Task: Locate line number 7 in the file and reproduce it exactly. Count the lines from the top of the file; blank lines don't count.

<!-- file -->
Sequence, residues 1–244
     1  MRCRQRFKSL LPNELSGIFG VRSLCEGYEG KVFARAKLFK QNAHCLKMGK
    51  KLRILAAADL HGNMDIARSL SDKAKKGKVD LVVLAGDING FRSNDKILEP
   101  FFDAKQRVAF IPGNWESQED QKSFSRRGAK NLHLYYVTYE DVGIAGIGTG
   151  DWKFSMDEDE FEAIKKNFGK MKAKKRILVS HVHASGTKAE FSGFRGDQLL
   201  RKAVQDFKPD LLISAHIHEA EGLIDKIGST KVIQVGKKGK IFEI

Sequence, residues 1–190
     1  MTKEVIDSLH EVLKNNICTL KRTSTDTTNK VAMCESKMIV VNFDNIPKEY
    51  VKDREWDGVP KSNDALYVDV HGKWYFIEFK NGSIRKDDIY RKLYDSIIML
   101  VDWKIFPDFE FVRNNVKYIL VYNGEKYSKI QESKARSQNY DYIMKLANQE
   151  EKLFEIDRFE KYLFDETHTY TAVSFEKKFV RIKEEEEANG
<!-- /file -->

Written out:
Sequence, residues 1–190